15 May 2014
How Light Affects Light
Bob Crelin came to our class to talk about light and light pollution, and its affect on the night sky. What I liked most about Bob was that he was a realist, and spoke to the class on a level that we could all relate to. He posed the question of who enjoyed looking at the night sky, I mean really, who doesn’t? Bob is a songwriter, inventor, helps design drum hardware, and works for Ovation and Takamine.
From the start, I noticed Bob’s uncanny ability to look outside the box. He started to show us photos of car dealerships and gas stations, to prove his point that these were the major light producers. Bob explained that the reason that these places were emitting so much light was because they were able to capture the attention of people passing by this way. People have a natural attraction to light, especially when the surroundings are a lot darker in comparison. Next, Bob did a demonstration with a light bulb that he had, where he turned off the lights and asked us how well we could see him. After talking for a while and letting our eyes adjust, we could see him fairly well, being able to make out some small details here and there. Next, Bob turned on the light bulb that he had, and just about all of the detail that we could see pretty much vanished. Also, when Bob started to move the light around, it was hard not to focus on the light, kind of like an automatic reaction.
The presentation went on to explain that this is exactly what light pollution was all about. It is light that is emitted that really has no purpose, other than to capture the attention of the passer-by. In effect, this is light pollution because it is leaving its original property and causing a nuisance on another person’s property. Bob explained that there are special lights that can be used to battle this, that basically aim the light on only what they are trying to illuminate, as well as shield the light from going strait up into the sky. Bob had actually invented one of these lights to help aid in this movement. Also, on the ‘bright’ side, these new lights used much less energy than the traditional style lights. In one example, Bob had helped a car dealership transform to these new style lights. He showed us a picture of the dealership, with every light pole using 9,000 watts (there were about 40 light poles in the picture). The new style lights ended up using only a third of this, at 3,000 watts, basically cutting the dealerships energy use by roughly 2/3rd.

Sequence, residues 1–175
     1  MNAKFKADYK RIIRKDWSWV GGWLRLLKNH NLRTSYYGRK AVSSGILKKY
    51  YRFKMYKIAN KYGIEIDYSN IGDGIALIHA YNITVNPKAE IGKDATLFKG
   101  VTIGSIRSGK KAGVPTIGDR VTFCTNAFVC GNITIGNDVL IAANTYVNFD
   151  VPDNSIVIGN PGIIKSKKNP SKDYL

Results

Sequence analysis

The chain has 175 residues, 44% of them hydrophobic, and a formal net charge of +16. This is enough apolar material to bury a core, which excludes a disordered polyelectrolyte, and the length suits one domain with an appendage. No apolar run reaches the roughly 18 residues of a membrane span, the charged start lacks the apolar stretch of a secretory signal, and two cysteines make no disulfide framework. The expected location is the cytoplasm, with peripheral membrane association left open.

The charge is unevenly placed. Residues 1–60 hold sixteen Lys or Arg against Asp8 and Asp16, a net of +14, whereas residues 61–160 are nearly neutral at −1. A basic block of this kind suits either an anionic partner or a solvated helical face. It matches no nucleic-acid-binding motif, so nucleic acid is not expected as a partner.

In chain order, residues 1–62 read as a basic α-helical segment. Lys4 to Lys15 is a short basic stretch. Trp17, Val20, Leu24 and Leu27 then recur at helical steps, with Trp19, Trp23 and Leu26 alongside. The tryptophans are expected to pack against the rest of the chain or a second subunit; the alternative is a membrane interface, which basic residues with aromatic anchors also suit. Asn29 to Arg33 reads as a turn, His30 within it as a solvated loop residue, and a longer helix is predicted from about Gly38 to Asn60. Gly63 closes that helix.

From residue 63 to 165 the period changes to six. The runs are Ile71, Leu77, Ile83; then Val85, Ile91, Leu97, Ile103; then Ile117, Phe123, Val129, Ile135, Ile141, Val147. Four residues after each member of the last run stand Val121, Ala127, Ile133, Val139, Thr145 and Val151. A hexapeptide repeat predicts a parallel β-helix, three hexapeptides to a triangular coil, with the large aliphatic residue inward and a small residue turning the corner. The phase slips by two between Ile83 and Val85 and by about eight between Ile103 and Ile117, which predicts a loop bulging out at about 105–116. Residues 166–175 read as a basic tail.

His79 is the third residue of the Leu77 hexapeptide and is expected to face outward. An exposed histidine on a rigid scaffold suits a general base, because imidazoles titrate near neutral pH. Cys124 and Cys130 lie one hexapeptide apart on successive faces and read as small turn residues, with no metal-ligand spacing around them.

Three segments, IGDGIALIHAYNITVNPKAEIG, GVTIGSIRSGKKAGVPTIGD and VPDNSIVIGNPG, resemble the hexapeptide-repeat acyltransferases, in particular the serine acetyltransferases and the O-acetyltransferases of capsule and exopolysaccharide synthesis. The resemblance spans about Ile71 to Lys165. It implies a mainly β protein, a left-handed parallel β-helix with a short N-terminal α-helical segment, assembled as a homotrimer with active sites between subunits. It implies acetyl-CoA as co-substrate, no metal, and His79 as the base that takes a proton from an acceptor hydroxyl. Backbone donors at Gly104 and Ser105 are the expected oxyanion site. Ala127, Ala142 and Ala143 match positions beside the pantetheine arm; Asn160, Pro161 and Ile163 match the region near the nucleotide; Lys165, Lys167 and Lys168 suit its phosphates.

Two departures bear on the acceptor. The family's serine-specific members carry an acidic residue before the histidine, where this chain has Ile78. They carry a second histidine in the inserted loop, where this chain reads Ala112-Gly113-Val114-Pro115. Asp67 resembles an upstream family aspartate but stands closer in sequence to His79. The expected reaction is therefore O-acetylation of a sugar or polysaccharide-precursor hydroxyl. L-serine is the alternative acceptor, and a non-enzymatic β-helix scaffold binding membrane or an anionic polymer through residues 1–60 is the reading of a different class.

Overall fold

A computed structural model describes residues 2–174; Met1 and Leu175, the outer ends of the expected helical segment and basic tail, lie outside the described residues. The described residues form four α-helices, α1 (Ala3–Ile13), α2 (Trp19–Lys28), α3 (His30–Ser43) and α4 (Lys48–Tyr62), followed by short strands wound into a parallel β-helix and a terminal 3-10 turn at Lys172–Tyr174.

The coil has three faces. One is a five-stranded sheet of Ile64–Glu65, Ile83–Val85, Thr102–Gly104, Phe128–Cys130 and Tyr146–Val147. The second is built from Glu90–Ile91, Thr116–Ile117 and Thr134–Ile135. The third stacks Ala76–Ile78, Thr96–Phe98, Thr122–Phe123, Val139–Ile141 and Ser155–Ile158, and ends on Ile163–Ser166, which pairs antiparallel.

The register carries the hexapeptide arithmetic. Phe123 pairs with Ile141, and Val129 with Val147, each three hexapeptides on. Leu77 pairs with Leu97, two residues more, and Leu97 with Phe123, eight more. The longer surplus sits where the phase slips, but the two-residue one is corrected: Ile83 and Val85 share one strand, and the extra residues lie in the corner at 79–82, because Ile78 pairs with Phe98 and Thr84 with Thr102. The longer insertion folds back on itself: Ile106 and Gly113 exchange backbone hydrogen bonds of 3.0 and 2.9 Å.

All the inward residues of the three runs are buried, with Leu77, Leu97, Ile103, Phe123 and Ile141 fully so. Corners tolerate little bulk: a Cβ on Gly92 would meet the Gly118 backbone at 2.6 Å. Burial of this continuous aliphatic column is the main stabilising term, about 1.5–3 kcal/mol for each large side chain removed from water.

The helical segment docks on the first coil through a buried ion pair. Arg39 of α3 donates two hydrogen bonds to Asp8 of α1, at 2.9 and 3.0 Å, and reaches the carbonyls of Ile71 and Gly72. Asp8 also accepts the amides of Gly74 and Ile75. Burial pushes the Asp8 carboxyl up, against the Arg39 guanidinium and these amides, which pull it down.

Personally, I find the Bob’s mission to battle against light pollution fascinating. Some of the other affects of light pollution that Bob mentioned were that cancer rates were related to lighting, that crime is not directly related to lighting, and that environmentally light can be detrimental to the natural cycle of trees, causing them to loose their leaves later than they normally would. Overall, I don’t think that there was ever a downside to any of the things that Bob was trying to do. He even got the town of Branford on his side, which ended up passing local regulations on light pollution and setting limits to the intensities and angles that light can be emitted. I think that these regulations are a step in the right path, and that hopefully Bobs fight will be recognized by the rest of the world, so that we can put an end to light pollution and all of its dark sides.
Milky Way Picture, "Milky Way", 15MAY24, http://www.universetoday.com/21563/milky-way/
United States Picture, "AAAP Light Pollution Pages", 15MAY24, http://www.3ap.org/lightPollution.shtml
Gas Station Pictures, "Light Pollution Wastes Money and Energy", 15MAY24, http://physics.fau.edu/observatory/lightpol-econ.html